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7

The benefit of having your full name in a logo is that, well, your name is the logo. Nike has the benefit of spending hundreds of millions of dollars to train the public to know that a "swoosh" = Nike, but you don't have that luxury. Not yet, anyways! While using initials or symbols in logos can sometimes lead to more creative solutions or more distinctive ...


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Double-headed arrow. 16px version: 100px version for clarity: Different style, 16px: 100px:


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I've managed to achieve what you're after. First off though, your code was very messy and in future you should prune/clean it before asking others to help you fix it. I took a 15 minute look at your code to understand it, and then rewrote the parts you're asking about with much less mess. This is what I get with the structure I've prepared for you: The ...


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I've seen this represented by an outline of an artist holding a mic. Depending on what your userbase will be like, you could have more fun with it, like maybe an outline of someone holding a guitar, a concert pianist, etc.


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I think depends on strength of a brand. Icons - images are much more recognizable for eye because they are complex. But thats just visuality. I don't think just letters are good representation a especially if its a small brand. There is only finite number of letters and their shapes. But for big brands i think it works because... well they are everywhere ...


2

this question is like "how should my logo look like?" my advice would be to hire a designer/design studio to do it for you or just start start sketching all of your ideas out. there is little reason to choose a text only logo before sketching out all of the above. Also look at what other bands/music makers have in their style and maybe try to fit in.


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The commonality between the units in this case is that they are normally both defined over a scale. Short distances are measured with a ruler, that has a scale from one end to the other Large distances with a scale on a map Thermometers have a scale on them too. I would therefore show some kind of graduated scale.


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Window → Arrange → New Window for document-name will do precisely what you’re after in Adobe Photoshop. Window → New Window will do precisely what you’re after in Adobe Illustrator. Many other Adobe apps can also spawn new windows of the same file. If you’re using Sketch, Sketch Mirror might do what you want, if you have an iPad handy.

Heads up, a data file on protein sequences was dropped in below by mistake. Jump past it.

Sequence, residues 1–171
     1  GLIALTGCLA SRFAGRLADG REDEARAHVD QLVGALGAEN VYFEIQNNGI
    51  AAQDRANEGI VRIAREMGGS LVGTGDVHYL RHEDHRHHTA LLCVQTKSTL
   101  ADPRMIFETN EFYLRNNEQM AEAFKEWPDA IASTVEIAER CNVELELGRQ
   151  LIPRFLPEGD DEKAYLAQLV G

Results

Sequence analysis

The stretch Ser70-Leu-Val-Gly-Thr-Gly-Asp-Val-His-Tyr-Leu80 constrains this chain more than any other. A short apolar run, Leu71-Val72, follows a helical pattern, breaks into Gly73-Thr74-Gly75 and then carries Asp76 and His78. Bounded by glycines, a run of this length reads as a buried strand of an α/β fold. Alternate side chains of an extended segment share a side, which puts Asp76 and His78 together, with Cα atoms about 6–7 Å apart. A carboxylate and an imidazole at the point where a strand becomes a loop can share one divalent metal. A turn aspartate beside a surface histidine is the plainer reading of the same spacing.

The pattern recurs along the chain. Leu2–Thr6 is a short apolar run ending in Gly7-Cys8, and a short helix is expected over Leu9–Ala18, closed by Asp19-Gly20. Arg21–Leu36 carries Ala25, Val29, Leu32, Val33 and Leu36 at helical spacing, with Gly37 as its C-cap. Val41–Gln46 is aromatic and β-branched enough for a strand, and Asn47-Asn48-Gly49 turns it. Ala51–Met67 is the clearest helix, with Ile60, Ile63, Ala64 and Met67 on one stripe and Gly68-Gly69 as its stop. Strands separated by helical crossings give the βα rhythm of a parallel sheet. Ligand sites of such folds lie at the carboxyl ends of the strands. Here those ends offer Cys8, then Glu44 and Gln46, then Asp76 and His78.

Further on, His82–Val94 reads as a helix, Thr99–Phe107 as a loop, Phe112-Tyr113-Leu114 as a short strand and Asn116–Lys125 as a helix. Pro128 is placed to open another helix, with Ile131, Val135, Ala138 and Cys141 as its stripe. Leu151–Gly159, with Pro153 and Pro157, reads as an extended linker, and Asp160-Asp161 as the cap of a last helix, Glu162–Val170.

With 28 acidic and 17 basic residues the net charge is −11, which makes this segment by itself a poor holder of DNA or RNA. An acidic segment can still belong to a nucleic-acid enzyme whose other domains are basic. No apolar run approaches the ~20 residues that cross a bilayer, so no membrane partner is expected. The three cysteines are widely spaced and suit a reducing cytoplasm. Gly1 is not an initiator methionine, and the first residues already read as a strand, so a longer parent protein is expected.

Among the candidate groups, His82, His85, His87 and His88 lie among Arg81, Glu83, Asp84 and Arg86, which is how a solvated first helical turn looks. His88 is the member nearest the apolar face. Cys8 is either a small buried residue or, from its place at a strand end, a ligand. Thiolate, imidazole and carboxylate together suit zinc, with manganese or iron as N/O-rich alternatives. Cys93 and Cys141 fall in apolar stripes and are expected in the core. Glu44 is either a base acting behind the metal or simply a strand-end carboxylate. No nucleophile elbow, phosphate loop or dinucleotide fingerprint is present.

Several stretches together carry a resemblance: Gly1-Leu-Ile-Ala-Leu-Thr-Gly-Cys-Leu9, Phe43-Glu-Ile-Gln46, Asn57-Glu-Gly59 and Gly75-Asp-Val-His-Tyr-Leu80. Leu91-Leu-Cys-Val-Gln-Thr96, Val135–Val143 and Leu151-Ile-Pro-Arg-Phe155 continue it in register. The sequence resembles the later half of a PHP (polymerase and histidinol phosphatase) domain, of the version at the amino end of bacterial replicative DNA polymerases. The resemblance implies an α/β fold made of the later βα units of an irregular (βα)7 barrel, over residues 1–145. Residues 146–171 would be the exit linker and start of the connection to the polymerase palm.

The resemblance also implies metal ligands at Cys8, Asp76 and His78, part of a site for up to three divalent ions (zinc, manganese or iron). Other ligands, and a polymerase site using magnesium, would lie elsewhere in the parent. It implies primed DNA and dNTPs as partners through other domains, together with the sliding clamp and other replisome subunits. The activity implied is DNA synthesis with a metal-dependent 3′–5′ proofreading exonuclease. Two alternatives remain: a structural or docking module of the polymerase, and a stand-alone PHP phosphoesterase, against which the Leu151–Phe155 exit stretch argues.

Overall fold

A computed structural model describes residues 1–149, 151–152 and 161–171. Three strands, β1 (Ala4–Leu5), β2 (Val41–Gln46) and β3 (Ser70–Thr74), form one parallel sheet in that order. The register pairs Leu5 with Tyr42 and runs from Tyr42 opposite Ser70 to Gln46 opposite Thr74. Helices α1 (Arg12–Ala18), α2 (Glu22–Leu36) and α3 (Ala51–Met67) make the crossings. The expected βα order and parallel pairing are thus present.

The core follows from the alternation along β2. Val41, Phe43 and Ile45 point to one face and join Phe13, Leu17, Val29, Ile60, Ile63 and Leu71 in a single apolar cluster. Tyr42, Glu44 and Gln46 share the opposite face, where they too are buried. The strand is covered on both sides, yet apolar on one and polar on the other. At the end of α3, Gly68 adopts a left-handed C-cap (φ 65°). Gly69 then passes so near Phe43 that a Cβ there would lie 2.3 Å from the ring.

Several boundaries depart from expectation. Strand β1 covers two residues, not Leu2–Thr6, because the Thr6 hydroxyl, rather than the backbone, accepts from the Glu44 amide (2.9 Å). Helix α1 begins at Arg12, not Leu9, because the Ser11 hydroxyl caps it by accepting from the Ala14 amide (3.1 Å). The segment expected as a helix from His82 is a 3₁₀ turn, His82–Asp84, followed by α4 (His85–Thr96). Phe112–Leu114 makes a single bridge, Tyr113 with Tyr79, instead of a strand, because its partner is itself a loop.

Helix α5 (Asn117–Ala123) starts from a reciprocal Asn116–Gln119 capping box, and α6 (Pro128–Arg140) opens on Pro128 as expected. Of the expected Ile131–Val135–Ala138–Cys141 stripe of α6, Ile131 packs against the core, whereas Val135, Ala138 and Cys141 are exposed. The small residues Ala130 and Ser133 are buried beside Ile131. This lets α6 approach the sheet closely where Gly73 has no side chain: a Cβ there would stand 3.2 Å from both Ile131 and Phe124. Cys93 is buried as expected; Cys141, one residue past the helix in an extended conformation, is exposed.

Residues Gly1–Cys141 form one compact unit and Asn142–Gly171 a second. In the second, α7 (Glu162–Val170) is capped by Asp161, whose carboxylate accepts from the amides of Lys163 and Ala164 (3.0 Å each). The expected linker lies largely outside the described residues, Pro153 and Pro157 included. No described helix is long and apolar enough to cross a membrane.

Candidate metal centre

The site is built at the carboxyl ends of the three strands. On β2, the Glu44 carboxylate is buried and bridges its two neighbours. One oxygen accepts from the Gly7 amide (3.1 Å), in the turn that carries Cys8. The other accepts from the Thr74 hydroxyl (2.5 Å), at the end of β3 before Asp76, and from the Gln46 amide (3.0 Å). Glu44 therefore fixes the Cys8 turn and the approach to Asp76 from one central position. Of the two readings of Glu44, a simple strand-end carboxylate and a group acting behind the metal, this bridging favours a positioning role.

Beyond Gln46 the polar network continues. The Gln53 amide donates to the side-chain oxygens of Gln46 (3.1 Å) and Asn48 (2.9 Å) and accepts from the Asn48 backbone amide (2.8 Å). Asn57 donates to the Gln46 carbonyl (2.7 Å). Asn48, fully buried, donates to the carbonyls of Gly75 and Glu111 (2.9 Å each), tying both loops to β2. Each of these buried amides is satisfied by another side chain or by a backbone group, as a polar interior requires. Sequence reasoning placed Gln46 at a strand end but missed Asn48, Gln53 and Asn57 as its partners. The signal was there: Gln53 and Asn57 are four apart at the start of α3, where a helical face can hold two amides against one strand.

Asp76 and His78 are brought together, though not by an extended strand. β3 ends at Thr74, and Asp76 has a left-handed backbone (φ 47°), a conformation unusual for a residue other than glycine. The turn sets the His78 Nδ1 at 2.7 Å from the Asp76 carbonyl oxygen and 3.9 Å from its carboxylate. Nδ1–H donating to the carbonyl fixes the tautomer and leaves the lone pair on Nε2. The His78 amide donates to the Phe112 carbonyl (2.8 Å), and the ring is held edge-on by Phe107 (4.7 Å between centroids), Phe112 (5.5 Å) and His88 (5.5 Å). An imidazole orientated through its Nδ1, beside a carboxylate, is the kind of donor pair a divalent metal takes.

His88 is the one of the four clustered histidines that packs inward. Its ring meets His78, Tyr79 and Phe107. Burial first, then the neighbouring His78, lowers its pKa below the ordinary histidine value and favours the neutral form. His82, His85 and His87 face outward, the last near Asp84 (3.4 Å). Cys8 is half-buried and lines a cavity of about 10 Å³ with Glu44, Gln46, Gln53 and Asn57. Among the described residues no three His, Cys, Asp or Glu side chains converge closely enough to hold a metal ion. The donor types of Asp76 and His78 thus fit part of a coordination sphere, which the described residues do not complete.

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You could somehow add a microphone to the icon, or notes maybe a portion of a music score.


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I very recently made a music logo, but for a different purpose (business, website and app). I think I can add some things I picked up during the whole process. I went through maybe 20 iterations, and the last iteration included rebuilding it and incorporating the Golden Ratio into it as much as I could, it actually pulled off the effect I was imagining much ...


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For t you can combine all three symbols in one icon, or alternatively create 3 icons - each one is activated when proper scale is chosen: Probably it is better to separate t and l to two different icon/options


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You can use this for inspiration: http://thenounproject.com/search/?q=musician One of my favourite icon collections website =) They have huge amount of ideas for different icons =)


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Use of 2 different icon for musician and music artist will be a good option, you can design something like this.


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{CSS} inside a document icon is the representation most often used for changes to a stylesheet. If your goal is to simply represent "style" an "Aa" icon is most often used. However you may also consider using an artist palette as older versions of windows programs would use this.


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The 2 main answers to this problem are: 1) Recreate your file as an RGB and copy all your old layers over to this new file. 2) As Adobe STAFF has said, you may have deleted some important files by mistake requiring a reinstall of Photoshop https://forums.adobe.com/thread/1311499


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Per Google after a little search: Things not permitted: Don't copy or imitate Google's trade dress, including the look and feel of Google web design properties or Google brand packaging, distinctive color combinations, typography, graphic designs, product icons, or imagery associated with Google. Source



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